Coverage of the war between Israel and Hamas has been peppered with references to international law, international humanitarian law, war crimes, proportionality and the Geneva Conventions, which underpin large sections of international humanitarian law.
The following is an explanation of each of those terms and their signficance to the Israel-Hamas war.
Broadly understood, international law is the collection of agreements between and among the nations of the world that govern how they interact with one another. There is no single compendium of documents that establishes a discrete body of legislation known as ‘international law,’ but the concept is widely understood and accepted by most countries in the world.
In its charter, the United Nations is given the task of ‘promoting international co-operation in the political field and encouraging the progressive development of international law and its codification.’
According to the U.N., ‘The international law is enshrined in conventions, treaties and standards. Many of the treaties brought about by the United Nations form the basis of the law that governs relations among nations.’
Since its founding, the U.N. has been the repository of more than 500 multilateral treaties that form much of the basis for what is today considered ‘international law.’
International humanitarian law
Also known as the law of armed conflict, international humanitarian law is a subset of international law specifically concerned with how wars and other armed conflicts are conducted.
According to the International Committee of the Red Cross, ‘International humanitarian law is a set of rules which seek, for humanitarian reasons, to limit the effects of armed conflict. It protects persons who are not or are no longer participating in the hostilities and restricts the means and methods of warfare. International humanitarian law is also known as the law of war or the law of armed conflict.’
Importantly, international humanitarian law is not concerned with the question of whether a country is justified in going to war, but only with the conduct of hostilities once they commence.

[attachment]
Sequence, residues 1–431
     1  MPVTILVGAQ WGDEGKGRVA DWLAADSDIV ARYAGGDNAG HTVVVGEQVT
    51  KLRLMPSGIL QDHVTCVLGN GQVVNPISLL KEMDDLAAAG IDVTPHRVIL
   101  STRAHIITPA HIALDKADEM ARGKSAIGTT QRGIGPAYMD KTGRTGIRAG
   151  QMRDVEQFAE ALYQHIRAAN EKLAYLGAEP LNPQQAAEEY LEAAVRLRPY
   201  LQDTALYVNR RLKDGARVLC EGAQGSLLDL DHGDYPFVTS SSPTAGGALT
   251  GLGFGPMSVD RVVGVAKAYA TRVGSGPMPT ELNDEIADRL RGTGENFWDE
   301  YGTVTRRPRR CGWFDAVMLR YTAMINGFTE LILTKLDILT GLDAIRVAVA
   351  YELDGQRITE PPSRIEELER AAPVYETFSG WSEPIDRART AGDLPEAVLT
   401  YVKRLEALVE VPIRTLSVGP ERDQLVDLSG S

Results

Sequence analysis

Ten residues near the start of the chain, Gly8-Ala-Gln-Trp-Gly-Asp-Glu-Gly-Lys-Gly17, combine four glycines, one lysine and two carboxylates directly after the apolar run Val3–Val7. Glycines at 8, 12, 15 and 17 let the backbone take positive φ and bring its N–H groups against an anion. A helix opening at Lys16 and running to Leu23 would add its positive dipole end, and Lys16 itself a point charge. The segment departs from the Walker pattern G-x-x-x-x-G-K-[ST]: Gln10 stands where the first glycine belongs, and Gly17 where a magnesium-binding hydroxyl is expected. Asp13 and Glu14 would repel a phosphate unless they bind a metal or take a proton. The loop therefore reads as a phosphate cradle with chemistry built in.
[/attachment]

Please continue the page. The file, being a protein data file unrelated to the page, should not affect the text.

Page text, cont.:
Fionnuala Ni Aolain, a regents professor at the University of Minnesota and a former U.N. special rapporteur on counterterrorism, told VOA that laws governing the conduct of war are among the oldest of all treaties and norms of international law.
‘Wars have rules,’ she said. ‘They’ve had rules for a really long time.’
While much of the law of armed conflict is determined by treaties, other elements are not codified. State and nonstate actors are considered bound by certain elements of international humanitarian law, even if they have not officially accepted it themselves.
‘Some parts of the law of war are not in treaties but have been established through the practice of states – meaning it’s something that states consistently do without having actually written it down,’ Ni Aolain said. ‘The reason why that’s important is because to be bound by a treaty, you have to have signed the treaty. But customary international law binds without having signed it.’
Ni Aolain also said that once a nation is engaged in armed conflict, all the rules of international humanitarian law apply, and the obligation to observe them is not contingent on the behavior of an opponent.
For example, international humanitarian law specifically bars the use of terrorism. However, she said, the fact that an adversary has resorted to terroristic tactics in an armed conflict does not absolve other parties to the conflict of the obligation to observe the law.
The best-known elements of international humanitarian law are the Geneva Conventions, a set of multilateral treaties laying out the obligations governments engaged in armed conflict have toward noncombatants.